GRAND RAPIDS, Mich. (WOOD) — Schools in Grand Rapids and Wyoming are adding school-based mental health specialists to provide psychological services to students. It is something school officials say are desperately needed.

“People are talking about mental health issues. I think the more we talk about them, the less stigma there is around disclosing ‘I’m suffering from depression, I’m suffering from anxiety,'” said Kim Baron, director of health services for Grand Rapids Public Schools.

In Kent County, suicide is the second leading cause of death in people ages 15 to 24. According to the Kent County Health Department, one in five middle schoolers report having considered attempting suicide at some point in their lives, and 16% of high schoolers reported that they considered attempting suicide within the past year. Across the nation, suicide rates are rising, the Centers for Disease Control and Prevention says.

Last year, the state Legislature approved a $5 million expenditure through the Michigan Department of Health and Human Services to provide 60 schools statewide with $100,000 per year to staff and equip a mental health specialist.

“They’re hearing people ask for help,” Baron said.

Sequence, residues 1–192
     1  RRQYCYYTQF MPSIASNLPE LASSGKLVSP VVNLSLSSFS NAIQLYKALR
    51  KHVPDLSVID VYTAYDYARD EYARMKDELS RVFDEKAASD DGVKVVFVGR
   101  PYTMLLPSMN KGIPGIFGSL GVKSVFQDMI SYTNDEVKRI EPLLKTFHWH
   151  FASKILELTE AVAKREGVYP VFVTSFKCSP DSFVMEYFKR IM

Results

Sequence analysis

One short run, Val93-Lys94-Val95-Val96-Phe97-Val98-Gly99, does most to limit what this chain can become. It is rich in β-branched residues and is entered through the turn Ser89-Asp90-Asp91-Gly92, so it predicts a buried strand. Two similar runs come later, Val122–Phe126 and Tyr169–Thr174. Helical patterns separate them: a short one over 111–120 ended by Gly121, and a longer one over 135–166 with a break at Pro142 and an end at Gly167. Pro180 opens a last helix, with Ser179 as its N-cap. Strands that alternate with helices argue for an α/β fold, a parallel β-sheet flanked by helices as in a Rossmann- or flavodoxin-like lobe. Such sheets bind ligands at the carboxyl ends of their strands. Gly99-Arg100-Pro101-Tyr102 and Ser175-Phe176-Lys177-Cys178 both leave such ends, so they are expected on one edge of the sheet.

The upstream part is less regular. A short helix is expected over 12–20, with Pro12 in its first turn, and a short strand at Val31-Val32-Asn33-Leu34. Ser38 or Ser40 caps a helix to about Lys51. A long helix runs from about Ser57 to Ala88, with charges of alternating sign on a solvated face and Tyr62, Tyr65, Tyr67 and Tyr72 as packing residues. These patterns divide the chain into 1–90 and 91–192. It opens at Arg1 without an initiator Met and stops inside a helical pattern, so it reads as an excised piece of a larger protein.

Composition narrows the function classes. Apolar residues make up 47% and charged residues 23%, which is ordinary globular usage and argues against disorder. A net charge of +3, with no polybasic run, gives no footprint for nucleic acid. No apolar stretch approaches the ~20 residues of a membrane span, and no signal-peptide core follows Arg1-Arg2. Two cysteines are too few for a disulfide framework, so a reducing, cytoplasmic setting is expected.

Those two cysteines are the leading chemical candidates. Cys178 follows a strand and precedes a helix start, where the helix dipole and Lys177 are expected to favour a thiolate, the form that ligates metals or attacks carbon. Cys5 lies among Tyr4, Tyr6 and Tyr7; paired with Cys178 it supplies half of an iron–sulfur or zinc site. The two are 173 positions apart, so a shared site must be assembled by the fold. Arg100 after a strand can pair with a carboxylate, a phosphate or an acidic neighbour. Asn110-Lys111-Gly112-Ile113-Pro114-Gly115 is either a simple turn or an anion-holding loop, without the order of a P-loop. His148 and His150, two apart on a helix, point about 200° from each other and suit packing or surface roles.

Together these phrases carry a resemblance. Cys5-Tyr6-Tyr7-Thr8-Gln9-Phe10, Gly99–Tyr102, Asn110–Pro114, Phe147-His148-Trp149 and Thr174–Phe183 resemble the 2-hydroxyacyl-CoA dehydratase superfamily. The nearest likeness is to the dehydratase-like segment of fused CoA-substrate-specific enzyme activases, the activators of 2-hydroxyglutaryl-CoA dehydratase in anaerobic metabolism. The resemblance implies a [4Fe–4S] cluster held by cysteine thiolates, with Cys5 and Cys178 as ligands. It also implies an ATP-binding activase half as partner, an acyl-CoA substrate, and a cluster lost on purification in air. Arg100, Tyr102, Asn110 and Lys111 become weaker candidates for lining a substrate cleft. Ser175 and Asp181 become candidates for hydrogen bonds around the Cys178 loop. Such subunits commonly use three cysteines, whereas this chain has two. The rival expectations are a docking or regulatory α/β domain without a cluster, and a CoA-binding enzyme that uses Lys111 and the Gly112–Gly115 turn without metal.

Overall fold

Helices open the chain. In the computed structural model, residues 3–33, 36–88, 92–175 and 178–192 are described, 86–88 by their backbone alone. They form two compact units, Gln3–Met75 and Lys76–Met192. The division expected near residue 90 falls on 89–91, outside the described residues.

Grand Rapids schools getting the state funding include Alger and Riverside middle schools and City High Middle School. Wyoming Junior High is also included in the program.

“(They) will be year-round, full-time and they are going to be in place to meet the mental health needs of the students,” Baron said.

GRPS already has social workers, but only a few for the entire district and they are primarily focused on special needs children. 

The new specialists “will specifically deal with issues around depression, anxiety, if (students are) struggling with issues at home,” Baron said.

They will have an office in each building. Teachers and other staff can fill out a referral form if they believe a student is struggling, at which point the therapist and school counselor will determine if the problem is academic, psychological or some combination. Parents and students can make appointments or walk in if there is a crisis.

There are not enough teen mental health specialists in the Grand Rapids and Kent County, which means that students in crisis can miss school while waiting a week or more to get an appointment.

“I wish we could put someone in every school because we could use more than three,” Baron said.

Officials hope to have the program in place well before school begins in the fall.

For people in crisis, the National Suicide Prevention Lifeline can always be reached at 1.800.273.8255 or online.



CDC on suicide prevention